August 10, 2012
TT: Sondheim in the park
In today's Wall Street Journal drama column I report on two newly opened musicals, the Shakespeare in the Park revival of Into the Woods and the Broadway transfer of Bring It On. The first is a mixed bag, the second a pleasant romp. Here's an excerpt.
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The Public Theater's outdoor revival of "Into the Woods" is a fine idea--on paper. Where better to mount Stephen Sondheim's fractured-fairy-tale musical than in Central Park's tree-lined amphitheater? What's more, some aspects of this production, which was jointly directed by Timothy Sheader and Liam Steel and is based on a 2010 revival that they created for London's Regent's Park Open Air Theatre, live up to the promise of its conception. Donna Murphy and Jessie Mueller, for instance, are terrific, and the "Midsummer Night's Dream"-style set, designed by John Lee Beatty in collaboration with Soutra Gilmour, makes imaginative use of the Delacorte Theater's natural surroundings. If only the sparkle-free, visually unfocused staging looked half so good! It's hard to imagine a production of "Into the Woods" going flat, but that's what this one does.
Messrs. Sheader and Steel have added an interesting new twist to James Lapine's book. The narrator becomes a young boy (alternately played by Noah Radcliffe and Jack Broderick) who wanders into a nearby forest to escape a family argument and gets swept up in the fast-unfolding plot, in which Cinderella, Little Red Riding Hood, Rapunzel, and Jack (the one who brought down the beanstalk) run collectively afoul of a witch, a wolf and a giant. This is, or could be, a clever framing device, but it's never made sufficiently clear who the boy is or why he has stumbled into the action of "Into the Woods." Nor does Mr. Sheader know how to use the Delacorte Theater's large stage: Not only is too much of the show performed too far upstage, but the actors are deployed in such a way that you're unsure where to look....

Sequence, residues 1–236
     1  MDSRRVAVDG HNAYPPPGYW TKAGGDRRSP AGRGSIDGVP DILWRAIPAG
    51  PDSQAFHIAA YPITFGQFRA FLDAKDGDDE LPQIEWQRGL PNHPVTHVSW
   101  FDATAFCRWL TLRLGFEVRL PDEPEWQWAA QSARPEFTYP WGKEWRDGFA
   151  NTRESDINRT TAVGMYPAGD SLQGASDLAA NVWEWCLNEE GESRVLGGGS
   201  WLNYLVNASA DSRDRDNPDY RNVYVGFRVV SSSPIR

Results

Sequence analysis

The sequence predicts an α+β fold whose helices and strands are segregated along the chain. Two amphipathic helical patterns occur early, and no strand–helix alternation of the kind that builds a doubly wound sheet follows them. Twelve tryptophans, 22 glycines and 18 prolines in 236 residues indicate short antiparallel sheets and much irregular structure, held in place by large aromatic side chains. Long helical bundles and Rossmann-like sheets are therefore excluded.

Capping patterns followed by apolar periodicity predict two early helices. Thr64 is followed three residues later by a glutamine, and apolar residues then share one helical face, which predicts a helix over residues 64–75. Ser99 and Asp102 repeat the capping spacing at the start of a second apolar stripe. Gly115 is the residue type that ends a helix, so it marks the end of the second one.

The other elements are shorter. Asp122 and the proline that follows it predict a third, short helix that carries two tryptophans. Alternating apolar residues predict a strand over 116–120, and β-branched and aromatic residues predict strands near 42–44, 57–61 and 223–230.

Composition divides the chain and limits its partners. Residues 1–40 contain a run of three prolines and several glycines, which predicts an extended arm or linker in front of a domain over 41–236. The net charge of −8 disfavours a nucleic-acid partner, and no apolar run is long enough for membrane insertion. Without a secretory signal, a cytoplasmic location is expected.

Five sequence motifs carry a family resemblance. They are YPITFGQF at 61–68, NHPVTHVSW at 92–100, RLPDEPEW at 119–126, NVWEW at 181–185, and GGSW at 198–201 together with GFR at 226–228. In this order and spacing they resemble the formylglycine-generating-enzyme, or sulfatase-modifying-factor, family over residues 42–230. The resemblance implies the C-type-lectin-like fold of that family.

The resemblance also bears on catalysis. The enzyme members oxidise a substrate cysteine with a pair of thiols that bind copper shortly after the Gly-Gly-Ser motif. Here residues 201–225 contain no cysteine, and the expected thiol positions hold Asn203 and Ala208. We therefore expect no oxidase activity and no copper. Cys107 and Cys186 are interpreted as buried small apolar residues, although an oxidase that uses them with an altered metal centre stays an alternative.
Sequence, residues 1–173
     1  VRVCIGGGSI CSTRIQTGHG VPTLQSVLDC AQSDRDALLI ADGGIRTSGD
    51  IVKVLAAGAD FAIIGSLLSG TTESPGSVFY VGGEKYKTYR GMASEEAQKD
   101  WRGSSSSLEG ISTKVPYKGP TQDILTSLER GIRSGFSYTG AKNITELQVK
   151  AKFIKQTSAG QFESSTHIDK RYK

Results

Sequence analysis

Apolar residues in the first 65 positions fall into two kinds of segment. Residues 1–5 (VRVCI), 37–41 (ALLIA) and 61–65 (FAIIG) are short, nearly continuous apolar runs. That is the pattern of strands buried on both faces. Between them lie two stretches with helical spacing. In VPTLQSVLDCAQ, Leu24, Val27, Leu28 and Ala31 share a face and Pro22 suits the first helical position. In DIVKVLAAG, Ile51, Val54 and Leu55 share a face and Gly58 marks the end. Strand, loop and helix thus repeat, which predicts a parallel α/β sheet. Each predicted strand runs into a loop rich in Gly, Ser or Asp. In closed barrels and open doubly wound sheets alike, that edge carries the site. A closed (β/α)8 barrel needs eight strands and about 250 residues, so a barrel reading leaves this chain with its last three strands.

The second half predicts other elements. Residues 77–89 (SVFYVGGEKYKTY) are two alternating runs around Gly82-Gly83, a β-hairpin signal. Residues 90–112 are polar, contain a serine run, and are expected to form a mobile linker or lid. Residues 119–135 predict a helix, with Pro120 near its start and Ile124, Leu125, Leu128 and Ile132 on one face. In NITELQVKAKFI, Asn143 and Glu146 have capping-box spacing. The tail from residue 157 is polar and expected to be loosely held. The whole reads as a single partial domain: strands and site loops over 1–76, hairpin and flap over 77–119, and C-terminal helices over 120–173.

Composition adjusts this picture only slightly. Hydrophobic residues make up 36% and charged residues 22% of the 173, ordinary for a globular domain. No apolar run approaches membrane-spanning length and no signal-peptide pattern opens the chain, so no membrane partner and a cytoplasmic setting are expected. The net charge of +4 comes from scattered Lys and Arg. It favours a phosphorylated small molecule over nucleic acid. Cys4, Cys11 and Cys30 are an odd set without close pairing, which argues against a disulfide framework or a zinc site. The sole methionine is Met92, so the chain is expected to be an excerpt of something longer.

Ms. Murphy plays the Witch with thrilling ferocity, while Ms. Mueller, the Cinderella of this revival, is the finest young musical-comedy singer to hit New York in the past decade. Just as she came out of the otherwise horrible "On a Clear Day You Can See Forever" smelling like a hundred-dollar rose, so is her performance in "Into the Woods" fully realized and wonderfully touching....
"Bring It On," which was inspired by the 2000 screen comedy, tells the story of a white-bread cheerleader (played here by Taylor Louderman) who learns a Lesson in Tolerance when redistricting forces her to transfer to a hip-hop high school. It might just be the best-made commodity musical ever to come to Broadway. No, it isn't at all surprising, much less challenging, but Amanda Green, Tom Kitt, Lin-Manuel Miranda and Jeff Whitty have collectively transformed the movie into a soufflé-fluffy confection that goes its dopey way with charm and pep....
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Read the whole thing here.
Posted August 10, 2012 12:00 AM